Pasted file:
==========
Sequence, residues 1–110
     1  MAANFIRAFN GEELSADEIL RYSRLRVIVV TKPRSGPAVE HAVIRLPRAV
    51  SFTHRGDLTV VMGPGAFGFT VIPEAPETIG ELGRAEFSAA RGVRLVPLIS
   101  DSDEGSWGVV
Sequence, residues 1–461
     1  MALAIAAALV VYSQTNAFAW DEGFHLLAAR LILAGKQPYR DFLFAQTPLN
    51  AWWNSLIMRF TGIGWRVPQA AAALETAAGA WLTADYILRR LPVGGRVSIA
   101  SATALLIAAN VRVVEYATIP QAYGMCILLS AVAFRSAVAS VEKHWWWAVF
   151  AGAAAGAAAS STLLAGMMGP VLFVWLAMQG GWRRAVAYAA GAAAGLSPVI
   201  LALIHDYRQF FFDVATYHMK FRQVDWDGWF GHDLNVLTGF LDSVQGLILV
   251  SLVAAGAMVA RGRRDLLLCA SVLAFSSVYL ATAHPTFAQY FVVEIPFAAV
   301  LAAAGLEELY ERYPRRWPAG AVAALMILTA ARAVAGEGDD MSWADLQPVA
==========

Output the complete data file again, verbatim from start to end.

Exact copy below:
Sequence, residues 1–110
     1  MAANFIRAFN GEELSADEIL RYSRLRVIVV TKPRSGPAVE HAVIRLPRAV
    51  SFTHRGDLTV VMGPGAFGFT VIPEAPETIG ELGRAEFSAA RGVRLVPLIS
   101  DSDEGSWGVV
Sequence, residues 1–461
     1  MALAIAAALV VYSQTNAFAW DEGFHLLAAR LILAGKQPYR DFLFAQTPLN
    51  AWWNSLIMRF TGIGWRVPQA AAALETAAGA WLTADYILRR LPVGGRVSIA
   101  SATALLIAAN VRVVEYATIP QAYGMCILLS AVAFRSAVAS VEKHWWWAVF
   151  AGAAAGAAAS STLLAGMMGP VLFVWLAMQG GWRRAVAYAA GAAAGLSPVI
   201  LALIHDYRQF FFDVATYHMK FRQVDWDGWF GHDLNVLTGF LDSVQGLILV
   251  SLVAAGAMVA RGRRDLLLCA SVLAFSSVYL ATAHPTFAQY FVVEIPFAAV
   301  LAAAGLEELY ERYPRRWPAG AVAALMILTA ARAVAGEGDD MSWADLQPVA